TOWARDS the end of the game in Thurles on Saturday evening Tipp goalkeeper Evan Comerford worked a short kickout to move the ball to a free player in the half-back area to turn and try and set up an attack down the middle of the field.
Within seconds Ruairi Deane had sprinted flat out the 30 metres to catch up, made a perfect tackle from behind to turn the ball over, moved the ball to another Cork jersey and the Tipp player stayed on the ground, jaded and broken.
It summed up the night. Cork were relentless here, never allowed Tipp settle into any rhythm and dictated the terms of the game with their aggressive and powerful hard running.
After an awful long time without an idea of what Cork football is about we got a glimpse of a team built on athleticism and workrate and attitude and that looked like a team who were willing to run all night and knew exactly why.
It was an arrival night for Ruairí Deane.
Last summer he was a massive influence in Cork’s comeback against Mayo with his ability to break lines.
Here he was simply immense, with a monstrous mix of physicality and hardiness that Tipp just couldn’t handle at all. He ran hard and often with and without the ball and always managed to either find gaps or make gaps to break tackles and open spaces for the rest of the Cork attack.
Cork’s first score came from a break down the centre past two defenders by Deane and a handpass to Luke Connolly to clip over and we counted six direct assists where Deane either gave the last pass to the scorer after a strong run or got hauled down for a free, as well at least another two or three scores where he was involved further back.
Tipp’s defenders may have woken Sunday morning with the back of Deane’s jersey imprinted in their heads. The legs and running power of Cork’s middle eight jumped out during the week and here they were exactly as advertised, dynamic and willing to run hard to constantly find spaces.
In addition to Deane’s six assists, there were five other points which came from Cork’s ability to run the ball into the scoring area. Tomás Clancy burst through to set up Connolly, an Aidan Walsh run for Connolly again, Sean White took a hit to set up a free, Stephen Cronin broke through a cluster of tackles to place Mark Collins.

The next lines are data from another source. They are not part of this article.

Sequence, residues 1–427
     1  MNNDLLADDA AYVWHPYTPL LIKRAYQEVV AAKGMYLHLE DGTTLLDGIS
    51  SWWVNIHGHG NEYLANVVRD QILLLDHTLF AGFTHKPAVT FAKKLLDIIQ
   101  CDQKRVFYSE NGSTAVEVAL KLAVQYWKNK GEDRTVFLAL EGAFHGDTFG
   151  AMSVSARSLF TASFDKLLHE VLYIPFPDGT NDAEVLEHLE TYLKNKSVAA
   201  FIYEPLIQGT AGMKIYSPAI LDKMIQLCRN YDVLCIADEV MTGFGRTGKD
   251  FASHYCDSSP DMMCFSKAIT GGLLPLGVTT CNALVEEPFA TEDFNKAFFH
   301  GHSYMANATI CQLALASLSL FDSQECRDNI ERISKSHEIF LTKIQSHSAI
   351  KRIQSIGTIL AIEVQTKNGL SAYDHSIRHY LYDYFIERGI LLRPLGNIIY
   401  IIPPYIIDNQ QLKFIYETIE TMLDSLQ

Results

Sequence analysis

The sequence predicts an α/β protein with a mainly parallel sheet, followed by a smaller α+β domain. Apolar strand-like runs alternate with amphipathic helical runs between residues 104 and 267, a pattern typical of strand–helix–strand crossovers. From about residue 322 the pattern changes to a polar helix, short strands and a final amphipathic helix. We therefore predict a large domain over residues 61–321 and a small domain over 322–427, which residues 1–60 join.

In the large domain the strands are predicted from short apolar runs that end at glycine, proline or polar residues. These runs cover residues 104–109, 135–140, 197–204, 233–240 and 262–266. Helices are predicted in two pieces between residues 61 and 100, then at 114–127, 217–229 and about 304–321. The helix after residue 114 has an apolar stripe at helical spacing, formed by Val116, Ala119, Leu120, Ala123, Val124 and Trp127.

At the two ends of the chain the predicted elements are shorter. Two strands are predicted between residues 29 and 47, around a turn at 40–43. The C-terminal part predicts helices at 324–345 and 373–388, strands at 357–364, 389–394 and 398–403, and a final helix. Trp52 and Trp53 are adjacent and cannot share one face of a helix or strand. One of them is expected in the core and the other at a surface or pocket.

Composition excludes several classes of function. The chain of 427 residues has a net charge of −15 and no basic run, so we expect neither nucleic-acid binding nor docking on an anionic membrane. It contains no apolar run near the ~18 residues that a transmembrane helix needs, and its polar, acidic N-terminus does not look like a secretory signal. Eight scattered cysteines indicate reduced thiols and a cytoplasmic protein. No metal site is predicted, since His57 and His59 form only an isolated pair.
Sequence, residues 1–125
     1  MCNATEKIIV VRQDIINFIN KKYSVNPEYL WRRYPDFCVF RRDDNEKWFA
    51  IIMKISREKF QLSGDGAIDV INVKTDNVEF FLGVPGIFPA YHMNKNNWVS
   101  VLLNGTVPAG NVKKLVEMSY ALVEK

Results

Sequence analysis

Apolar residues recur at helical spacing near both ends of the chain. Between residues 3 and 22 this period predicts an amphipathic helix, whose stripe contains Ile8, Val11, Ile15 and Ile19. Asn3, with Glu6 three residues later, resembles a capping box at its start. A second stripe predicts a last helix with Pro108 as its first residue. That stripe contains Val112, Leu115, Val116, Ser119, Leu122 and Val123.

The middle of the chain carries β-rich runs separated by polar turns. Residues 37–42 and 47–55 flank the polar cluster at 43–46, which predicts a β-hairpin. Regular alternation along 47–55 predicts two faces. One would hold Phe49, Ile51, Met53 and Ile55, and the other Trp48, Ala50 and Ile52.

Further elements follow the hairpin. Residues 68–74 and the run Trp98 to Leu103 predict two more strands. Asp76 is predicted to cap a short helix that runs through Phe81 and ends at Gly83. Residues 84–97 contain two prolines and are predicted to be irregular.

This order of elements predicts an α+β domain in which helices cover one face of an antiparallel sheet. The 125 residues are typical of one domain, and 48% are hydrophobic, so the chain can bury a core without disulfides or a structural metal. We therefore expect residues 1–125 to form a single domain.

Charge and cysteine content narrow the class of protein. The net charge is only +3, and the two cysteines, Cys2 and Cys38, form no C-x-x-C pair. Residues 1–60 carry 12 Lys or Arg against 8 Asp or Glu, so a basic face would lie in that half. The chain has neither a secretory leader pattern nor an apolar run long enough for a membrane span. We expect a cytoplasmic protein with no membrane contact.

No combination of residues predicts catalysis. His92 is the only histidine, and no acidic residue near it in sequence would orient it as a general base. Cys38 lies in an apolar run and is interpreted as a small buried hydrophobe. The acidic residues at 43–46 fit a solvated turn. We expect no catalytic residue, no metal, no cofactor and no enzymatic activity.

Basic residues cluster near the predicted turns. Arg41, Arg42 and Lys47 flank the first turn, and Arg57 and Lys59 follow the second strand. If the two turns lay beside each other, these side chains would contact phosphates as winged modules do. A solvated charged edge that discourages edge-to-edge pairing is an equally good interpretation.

Just when Tipp got a little run of scores, Ian Maguire made the hard run to support Deane (who else, we’d love a look at his GPS stats from the game) and again looked to commit the Tipp defender to get fouled for a vital free.
Maguire covered ground all night and moved the ball forward, Sean White constantly looked to be positive with the ball, is the most likely to kickpass from that area of the field and got forward for a good point. Cork just bossed the collisions in general with more purpose and rarely did anything defensively or with the ball that didn’t have a meaning.
There was cleverness and skills too to hit that 20-point scoring target.
Luke Connolly stepped up as main scorer and creative influence, bringing his form and influence from the club into intercounty.
He looked for the responsibility, always an option for the kickpass, constantly available for runners as they arrived into the scoring area and kept trying to make things happen with that lovely soft ball control and willingness to express himself – if it doesn’t work out every single time, Connolly needs to be given that freedom.
Here he kicked some wonderful points off right foot and left foot, from distance and close in and set up the goal too with that ability to recognise the chance and go for it.
Colm O’Neill didn’t get on much ball, got blocked for a shot when the chance did come and it looked like the game might pass him by. Then he had the awareness of danger and where to run into space and ruthlessness to ping the game-changing goal.
That’s what Colm O’Neill does. Mark Collins kicked three points from play. Brian Hurley got on and kicked a score right at the end.
It felt like proper kudos for Ronan McCarthy. If this Tipp game was put forward as a defining part of Cork’s year we got a serious answer here.
The manager himself had referenced a consistent performance base and this was as proactive and purposeful a performance as Cork have put together for some time.
Cork just looked the more controlled team in the basics of cutting off spaces in defence and opening spaces in attack.
Apart from an opening quarter where Tipp’s inside-forward line looked a little dangerous one-v-one, Cork were defensively sound.
They were aggressive in contact, closed off the spaces for Tipp’s forwards all game with bodies – one blockdown by Kevin Crowley early on set the tone - Stephen Cronin drifted across the defensive area very effectively to shut down any Cork players getting isolated.
Tipp ran out of ideas very early and that Quinlivan-Sweeney-McGrath danger zone got just two scores from play.
Mark White made two one-v-one saves when needed and by the way, his kickouts were far more composed and sound than anyone could expect from a rookie.
More than anything it just had the look of a Cork team with more conviction and belief in itself than we’ve seen for an age, where the basics of intent and willingness to run hard with high energy can be an effective starting point and gameplan.
Nothing was won here but something has been started and that’s enough for now.